How to dispose off the unencrypted CSV file created for migrating to Bitwarden from other password managers

This is a general question relating to security , wanted to know your thoughts on how should i dispose of my plain text csv file as I had to shift to bitwarden from keepassxc and thus had to export the database first into a plain text csv file.I guess currently encrypted exports are not available from keepass.
So, I was wondering , to being extra cautious , would simply deleting it from your device be safe ?
Because data could be technically recovered from my hard drive although such circumstances are not likely to occur given my threat model.
But i guess there should be a guide or ways to mitigate this , maybe by an option to rewrite the CSV file with random strings of text added to every field and then delete the file would give more trust on the process and peace of mind that our passwords are infact safe.
Obviously no-one would like to change all the passwords after migrating to a new one.
Let me know your thoughts :smile:

Ah. This will all depend on your storage method.

Back in the days of mechanical hard drives, you would: encrypt the drive, wipe it, and trash it.

In today’s world you need to drop into a nice vat of acid. Forensics people are scary.

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Hello @Gaurav - welcome to the community forums!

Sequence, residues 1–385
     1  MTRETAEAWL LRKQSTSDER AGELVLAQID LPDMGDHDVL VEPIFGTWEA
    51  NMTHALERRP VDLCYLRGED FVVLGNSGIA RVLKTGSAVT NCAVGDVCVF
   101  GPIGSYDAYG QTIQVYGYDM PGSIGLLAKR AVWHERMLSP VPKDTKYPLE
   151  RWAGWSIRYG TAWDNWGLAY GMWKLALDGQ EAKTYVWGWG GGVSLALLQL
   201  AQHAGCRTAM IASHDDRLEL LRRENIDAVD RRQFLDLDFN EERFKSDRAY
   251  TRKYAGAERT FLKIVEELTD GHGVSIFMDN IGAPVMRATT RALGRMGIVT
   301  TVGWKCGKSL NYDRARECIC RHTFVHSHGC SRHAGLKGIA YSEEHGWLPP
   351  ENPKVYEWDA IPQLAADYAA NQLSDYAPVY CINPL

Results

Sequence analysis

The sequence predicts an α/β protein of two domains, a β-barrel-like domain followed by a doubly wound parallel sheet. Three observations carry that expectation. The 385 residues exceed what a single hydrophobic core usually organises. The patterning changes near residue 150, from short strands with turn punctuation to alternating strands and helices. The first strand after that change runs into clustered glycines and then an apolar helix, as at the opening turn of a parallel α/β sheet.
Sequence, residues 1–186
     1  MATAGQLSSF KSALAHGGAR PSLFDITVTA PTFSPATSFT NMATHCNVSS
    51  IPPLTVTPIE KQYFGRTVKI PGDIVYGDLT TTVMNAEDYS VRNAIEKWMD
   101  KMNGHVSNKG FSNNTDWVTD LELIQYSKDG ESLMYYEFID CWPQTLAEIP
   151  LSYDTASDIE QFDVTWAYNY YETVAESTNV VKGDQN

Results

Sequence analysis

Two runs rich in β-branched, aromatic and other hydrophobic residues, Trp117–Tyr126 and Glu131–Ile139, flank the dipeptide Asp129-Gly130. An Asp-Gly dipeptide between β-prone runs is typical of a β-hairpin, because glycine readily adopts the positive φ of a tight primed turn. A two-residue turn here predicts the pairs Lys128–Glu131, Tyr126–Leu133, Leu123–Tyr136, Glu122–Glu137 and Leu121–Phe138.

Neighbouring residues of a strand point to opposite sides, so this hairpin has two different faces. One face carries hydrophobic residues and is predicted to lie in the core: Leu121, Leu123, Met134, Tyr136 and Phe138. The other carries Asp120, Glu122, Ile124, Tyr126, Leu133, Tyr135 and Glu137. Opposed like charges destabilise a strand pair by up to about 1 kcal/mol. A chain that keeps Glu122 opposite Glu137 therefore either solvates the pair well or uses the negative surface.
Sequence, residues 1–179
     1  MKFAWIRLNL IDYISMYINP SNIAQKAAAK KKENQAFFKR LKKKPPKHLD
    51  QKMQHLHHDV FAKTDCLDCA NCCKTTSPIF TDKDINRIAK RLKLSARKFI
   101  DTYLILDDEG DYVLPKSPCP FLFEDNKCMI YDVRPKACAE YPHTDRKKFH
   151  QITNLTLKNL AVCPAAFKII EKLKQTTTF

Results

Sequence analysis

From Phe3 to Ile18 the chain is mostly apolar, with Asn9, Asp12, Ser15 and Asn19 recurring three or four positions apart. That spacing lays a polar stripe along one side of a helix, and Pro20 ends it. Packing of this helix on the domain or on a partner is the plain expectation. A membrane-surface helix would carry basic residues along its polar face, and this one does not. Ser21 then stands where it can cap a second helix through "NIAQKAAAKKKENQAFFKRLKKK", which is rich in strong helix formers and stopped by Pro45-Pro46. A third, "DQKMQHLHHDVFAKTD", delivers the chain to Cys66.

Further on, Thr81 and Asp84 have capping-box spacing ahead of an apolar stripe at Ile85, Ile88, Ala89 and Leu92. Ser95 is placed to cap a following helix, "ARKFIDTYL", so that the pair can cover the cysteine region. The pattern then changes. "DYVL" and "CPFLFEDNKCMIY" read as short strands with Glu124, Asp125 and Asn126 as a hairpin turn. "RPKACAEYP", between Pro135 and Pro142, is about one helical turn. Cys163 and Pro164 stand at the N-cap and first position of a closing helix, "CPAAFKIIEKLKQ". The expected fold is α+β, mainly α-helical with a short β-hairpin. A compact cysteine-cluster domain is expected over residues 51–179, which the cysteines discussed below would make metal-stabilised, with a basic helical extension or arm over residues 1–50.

You ask a very good question, and there is no one correct answer as you point out. I think it is really personal choice based on your risk tolerance and your setup.

If you are using an encrypted drive (e.g., Bitlocker on Windows, FileVault on Mac), then deleting a file from the Recycle Bin/Trash is probably sufficient. But if you aren’t on an encrypted drive, particularly if it is a hard disk drive (less of an issue for SSDs), then I agree that it may be possible for someone to recover your plain-text csv file from your drive if they had access to it.

There are many secure-delete options out there, but they vary by operating system. For example, if you are on a Mac, you can open a terminal window and use the command:

rm -P filename.csv

to securely delete a file. There are also plenty of third-party apps that do the same thing, if one prefers. I use encrypted drives, so I don’t bother, but otherwise using secure delete tools may be a wise practice.

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Thanks for your Response :blush:. It was helpful.
As you mentioned about secure delete tools i was able to search for some of the tools for my windows computer without bitlocker. There are certain open source utilty for example “Eraser” that can be used for it , Also i found out that there is a buit-in windows command for it called “cipher”. From powershell we need to use the command
Cipher /w:C:\<filepath>
This will rewrite that particular space.
Thanks :blush::+1:

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Here are a few options…

Compress the file with a password using 7Zip or another compression utility. Once zipped, drop it in the trash, then empty the trash.

For even more security, download an encryption app such as VeraCrypt, then encrypt the file. Once encrypted, you can trash it. Even if the files are recovered, they’ll be unusable.

Alternatively, you can obtain a “file shredding” utility. Shredding not only deletes the file, it overwrites the space where the file resided with 1s and 0s. Some utilities allow you to specify the number of passes for the overwrite, for enhanced security.

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